Quote:
Originally Posted by Ronbo View Post

Anyone else get the impression that the ITC is planning to take the stance that no one is infringing on anyone in the mobile space?

Sure looks like it to me too.
post #14 of 15
Quote:
Originally Posted by mdriftmeyer View Post

You clearly didn't read what I wrote. The reason Apple buys startups is for the IP and engineering talent that are relevant to acquiring their IP.

Kodak has neither.

Kodak has tons of digital imaging and optics IP and even now retains some decent engineering talent. The company leadership was very ineffective at exploiting it, but the researchers were highly productive none the less.
Think of Kodak as a Xerox PARC of analog and digital imaging.
post #15 of 15
And here's the latest ruling from today.

"The U.S. International Trade Commission today delivered a ruling on the on-going lawsuit between Eastman Kodak and RIM and Apple. Kodak sued Apple and RIM in early 2010, alleging that Apple and RIM's smartphones violated Kodak's camera patents. In late 2010, a judge initially sided with Apple and RIM, saying that the firms hadn't infringed on the patents. Kodak appealed, and the ITC decided the case was worth reviewing. Today's decision covered three separate claims. The ITC decided that Apple and RIM did not infringe on the main patent claim being made by Kodak. However, the ITC decided to restructure the other two claims, siding with Kodak on one, and not coming to a determination on the third. It is sending the entire case back to lower courts so that the points may be argued by Kodak, Apple, and RIM again."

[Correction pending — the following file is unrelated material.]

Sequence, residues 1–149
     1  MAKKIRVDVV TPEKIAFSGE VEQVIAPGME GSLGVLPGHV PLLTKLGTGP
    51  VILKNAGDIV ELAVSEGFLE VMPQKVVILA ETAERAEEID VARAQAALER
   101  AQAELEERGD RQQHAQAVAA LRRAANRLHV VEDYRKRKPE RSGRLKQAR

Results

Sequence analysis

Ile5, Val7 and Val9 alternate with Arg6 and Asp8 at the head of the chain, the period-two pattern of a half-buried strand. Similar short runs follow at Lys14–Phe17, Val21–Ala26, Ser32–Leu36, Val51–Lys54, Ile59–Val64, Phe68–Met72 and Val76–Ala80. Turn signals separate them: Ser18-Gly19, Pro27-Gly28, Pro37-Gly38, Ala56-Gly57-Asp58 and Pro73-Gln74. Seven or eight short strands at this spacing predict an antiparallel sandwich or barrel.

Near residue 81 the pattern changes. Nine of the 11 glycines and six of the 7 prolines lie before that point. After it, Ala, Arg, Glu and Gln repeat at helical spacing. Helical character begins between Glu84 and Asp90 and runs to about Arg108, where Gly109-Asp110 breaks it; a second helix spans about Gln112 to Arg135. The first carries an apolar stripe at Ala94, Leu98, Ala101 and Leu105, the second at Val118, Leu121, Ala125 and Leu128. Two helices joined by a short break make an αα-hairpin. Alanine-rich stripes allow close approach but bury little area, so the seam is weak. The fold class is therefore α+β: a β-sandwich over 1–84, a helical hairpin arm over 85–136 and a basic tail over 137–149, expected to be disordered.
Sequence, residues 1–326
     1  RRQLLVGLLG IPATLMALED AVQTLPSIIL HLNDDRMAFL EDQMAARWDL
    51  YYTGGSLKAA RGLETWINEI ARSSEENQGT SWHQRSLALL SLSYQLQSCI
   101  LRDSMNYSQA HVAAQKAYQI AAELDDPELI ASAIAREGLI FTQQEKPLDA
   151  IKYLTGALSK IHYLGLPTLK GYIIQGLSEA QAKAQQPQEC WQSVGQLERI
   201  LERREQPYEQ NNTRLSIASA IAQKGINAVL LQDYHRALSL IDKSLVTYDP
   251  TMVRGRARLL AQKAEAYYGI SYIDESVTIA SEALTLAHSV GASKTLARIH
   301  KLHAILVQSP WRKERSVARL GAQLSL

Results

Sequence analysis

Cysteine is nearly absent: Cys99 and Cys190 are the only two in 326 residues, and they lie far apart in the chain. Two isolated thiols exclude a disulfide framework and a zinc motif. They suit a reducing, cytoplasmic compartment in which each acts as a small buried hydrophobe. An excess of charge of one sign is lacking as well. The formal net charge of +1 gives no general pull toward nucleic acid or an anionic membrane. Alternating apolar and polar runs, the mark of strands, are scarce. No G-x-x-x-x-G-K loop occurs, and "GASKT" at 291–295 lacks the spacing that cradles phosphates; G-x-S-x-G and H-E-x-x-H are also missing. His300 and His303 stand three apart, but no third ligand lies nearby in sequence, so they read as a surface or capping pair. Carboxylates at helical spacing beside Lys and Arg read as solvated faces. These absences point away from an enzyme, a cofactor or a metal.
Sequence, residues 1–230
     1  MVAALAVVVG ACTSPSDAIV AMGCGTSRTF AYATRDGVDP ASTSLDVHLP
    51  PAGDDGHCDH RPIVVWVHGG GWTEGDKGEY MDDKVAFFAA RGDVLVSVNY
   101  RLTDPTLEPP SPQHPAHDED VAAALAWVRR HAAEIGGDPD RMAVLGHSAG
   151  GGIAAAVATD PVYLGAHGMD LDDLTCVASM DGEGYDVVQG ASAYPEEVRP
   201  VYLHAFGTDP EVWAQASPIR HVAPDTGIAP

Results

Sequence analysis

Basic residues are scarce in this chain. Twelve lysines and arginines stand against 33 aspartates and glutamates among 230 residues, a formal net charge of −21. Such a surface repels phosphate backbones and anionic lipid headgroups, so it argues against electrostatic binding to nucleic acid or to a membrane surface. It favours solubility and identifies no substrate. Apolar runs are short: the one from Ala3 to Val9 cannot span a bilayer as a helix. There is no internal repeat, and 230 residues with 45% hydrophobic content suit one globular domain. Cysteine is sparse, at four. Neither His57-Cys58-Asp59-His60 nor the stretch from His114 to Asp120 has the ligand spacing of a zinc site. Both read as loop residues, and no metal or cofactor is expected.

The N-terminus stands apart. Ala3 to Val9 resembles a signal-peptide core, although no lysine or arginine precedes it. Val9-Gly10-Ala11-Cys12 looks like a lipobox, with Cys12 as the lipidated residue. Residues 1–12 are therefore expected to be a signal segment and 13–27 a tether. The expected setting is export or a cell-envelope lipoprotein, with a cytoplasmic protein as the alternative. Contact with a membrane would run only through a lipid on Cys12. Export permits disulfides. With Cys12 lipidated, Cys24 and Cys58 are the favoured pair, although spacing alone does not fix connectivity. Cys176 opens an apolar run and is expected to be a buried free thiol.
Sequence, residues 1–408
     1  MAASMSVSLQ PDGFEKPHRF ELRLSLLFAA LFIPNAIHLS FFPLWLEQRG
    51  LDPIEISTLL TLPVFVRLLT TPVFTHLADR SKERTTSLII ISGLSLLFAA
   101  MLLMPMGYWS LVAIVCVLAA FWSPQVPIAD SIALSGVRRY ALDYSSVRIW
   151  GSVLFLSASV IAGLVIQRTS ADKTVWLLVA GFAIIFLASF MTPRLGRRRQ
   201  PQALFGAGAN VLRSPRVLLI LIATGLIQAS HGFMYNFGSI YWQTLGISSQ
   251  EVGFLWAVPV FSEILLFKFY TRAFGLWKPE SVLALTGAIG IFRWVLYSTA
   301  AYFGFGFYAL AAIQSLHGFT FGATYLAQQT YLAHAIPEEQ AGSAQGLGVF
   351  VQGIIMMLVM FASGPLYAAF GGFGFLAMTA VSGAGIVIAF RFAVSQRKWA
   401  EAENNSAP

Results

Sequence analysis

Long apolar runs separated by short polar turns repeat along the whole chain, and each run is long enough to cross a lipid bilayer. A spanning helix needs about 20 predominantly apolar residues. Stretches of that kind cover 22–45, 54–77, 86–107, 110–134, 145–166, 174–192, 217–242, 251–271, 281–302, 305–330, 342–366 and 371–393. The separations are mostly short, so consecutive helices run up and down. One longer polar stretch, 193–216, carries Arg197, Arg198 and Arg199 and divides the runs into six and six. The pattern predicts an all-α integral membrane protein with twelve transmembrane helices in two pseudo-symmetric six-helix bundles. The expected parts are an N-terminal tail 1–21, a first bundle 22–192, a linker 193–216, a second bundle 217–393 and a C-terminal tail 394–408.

Courtesy of PhoneScoop